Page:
I studied Media Production between 2007-2010 specialising in Single Camera and Digital Media. By the end of the course I was passionate about all aspects of the degree, even the parts I left behind in previous semesters. After graduating I was undecided on what to do next, my first thought was to do a Masters. In order to pay for it, I decided to take a year out, get the first job I could find as I saved up.
The job turned out to be the Mcdonalds at the end of my road. While working behind the grill, I applied for jobs and work experience at various production houses to gain media experience. After hundreds of emails and applications, and 7 or 8 interviews for Runner and junior positions, I was unsuccessful. I needed experience, which I was unable to get. I was trapped in the classic catch 22. Continue reading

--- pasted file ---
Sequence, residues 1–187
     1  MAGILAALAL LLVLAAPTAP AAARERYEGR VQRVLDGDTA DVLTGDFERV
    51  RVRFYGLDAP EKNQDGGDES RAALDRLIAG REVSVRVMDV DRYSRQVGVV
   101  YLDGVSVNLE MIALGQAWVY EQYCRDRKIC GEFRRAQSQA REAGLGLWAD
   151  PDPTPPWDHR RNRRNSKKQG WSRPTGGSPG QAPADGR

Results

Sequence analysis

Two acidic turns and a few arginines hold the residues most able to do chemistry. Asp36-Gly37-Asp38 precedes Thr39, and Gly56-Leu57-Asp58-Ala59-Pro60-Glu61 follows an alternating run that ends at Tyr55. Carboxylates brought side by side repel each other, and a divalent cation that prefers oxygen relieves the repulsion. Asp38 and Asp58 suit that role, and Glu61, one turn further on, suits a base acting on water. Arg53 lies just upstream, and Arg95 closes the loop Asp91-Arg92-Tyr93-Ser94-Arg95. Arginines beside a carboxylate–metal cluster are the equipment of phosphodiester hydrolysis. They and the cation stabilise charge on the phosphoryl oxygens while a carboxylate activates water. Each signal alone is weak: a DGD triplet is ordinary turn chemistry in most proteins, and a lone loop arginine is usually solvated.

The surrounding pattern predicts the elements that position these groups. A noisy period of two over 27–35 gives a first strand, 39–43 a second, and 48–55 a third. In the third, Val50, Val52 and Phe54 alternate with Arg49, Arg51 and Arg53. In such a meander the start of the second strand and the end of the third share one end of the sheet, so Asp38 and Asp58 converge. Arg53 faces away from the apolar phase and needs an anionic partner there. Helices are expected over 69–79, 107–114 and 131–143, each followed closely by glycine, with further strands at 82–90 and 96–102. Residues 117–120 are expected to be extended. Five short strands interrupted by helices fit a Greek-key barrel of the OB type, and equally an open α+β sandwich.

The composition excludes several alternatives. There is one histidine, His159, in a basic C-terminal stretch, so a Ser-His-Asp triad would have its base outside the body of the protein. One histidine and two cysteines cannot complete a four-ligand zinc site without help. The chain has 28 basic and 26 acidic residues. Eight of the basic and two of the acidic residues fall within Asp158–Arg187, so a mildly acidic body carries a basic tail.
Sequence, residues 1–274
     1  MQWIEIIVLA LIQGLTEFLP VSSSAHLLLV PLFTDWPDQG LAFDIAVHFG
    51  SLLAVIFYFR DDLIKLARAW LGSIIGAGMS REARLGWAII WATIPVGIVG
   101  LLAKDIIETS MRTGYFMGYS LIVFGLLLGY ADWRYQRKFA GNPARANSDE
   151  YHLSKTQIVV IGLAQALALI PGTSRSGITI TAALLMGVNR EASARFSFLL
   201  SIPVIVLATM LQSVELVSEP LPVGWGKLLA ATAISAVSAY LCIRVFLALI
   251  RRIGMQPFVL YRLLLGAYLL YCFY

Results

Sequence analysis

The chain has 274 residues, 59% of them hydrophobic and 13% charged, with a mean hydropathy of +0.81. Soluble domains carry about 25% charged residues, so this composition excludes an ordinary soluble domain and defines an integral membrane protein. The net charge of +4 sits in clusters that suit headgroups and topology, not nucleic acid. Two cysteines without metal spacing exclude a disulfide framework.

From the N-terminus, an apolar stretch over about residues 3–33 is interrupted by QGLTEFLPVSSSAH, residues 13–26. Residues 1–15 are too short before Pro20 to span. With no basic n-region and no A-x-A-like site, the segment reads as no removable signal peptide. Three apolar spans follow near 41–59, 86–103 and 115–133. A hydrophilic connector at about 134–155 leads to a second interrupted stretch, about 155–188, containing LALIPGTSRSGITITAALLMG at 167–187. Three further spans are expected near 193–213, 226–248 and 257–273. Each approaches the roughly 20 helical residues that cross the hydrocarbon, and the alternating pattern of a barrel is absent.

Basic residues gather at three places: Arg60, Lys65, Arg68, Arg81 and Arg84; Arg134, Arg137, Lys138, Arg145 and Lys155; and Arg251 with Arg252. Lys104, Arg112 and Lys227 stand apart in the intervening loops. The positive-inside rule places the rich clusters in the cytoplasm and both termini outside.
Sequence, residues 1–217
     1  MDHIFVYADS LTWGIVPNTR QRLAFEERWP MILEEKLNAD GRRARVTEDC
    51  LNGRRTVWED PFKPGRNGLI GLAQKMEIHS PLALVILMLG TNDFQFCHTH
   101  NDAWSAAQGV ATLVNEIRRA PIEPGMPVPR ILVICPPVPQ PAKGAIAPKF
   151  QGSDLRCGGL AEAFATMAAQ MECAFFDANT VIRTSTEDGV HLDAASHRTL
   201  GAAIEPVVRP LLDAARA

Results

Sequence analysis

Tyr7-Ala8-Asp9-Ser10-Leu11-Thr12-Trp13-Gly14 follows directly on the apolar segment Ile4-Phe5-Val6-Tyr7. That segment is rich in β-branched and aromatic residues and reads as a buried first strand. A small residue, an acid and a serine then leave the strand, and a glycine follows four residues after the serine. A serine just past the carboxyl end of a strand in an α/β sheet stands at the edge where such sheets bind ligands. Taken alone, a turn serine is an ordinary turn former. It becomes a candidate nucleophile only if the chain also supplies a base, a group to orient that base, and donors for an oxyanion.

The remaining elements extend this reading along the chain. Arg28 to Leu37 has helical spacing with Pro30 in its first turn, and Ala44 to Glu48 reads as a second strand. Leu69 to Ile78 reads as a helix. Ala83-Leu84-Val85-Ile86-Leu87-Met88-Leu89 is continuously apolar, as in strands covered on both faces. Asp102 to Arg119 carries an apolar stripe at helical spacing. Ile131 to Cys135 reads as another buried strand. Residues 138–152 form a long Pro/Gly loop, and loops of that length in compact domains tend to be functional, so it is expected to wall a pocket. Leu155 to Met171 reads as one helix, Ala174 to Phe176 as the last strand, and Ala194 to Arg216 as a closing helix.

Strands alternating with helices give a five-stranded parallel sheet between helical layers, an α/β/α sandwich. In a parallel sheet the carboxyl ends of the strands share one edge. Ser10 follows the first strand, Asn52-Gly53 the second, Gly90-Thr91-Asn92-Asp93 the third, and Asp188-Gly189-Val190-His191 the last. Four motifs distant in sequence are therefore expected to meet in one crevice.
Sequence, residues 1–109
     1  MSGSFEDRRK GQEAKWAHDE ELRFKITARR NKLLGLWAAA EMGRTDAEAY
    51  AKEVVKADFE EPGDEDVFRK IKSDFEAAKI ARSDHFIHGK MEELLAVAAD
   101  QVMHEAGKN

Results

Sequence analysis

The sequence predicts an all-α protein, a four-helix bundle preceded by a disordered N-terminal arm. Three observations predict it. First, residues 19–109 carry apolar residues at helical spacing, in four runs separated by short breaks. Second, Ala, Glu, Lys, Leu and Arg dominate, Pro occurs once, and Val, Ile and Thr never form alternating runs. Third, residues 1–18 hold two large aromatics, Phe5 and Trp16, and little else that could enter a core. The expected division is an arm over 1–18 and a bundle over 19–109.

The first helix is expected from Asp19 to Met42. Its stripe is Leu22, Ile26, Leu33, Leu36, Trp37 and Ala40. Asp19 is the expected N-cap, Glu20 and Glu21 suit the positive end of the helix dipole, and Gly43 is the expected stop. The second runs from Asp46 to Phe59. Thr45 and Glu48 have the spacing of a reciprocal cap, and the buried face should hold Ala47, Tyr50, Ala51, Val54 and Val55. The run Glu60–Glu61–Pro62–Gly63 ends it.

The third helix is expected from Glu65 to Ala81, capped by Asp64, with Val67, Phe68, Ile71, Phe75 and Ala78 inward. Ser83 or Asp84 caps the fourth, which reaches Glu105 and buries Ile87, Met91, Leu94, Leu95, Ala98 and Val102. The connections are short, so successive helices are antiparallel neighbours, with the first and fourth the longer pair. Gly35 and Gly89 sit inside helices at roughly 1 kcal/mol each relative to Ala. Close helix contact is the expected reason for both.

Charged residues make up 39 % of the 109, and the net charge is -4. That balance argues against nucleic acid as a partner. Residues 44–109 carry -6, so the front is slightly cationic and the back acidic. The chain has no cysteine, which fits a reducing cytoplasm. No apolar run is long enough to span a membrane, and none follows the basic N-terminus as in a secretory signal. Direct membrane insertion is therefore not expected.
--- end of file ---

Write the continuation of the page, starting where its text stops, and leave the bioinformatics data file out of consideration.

Hola from Joanne Newton! LSFM final year Media Production undergraduate with fellow students from the University of Lincoln are doing voluntary work on a media literacy charity project in Peru with Challenges Abroad. Today is their last day said Jo: surrounded by all of the children, their parents and some teachers we watched everyone’s creations. They were so amazed when they saw their little faces on the big screen! We gave out prizes to them and then said goodbye with hugs from all. I won’t lie I even shed a tear! It was incredible and will stay with me forever.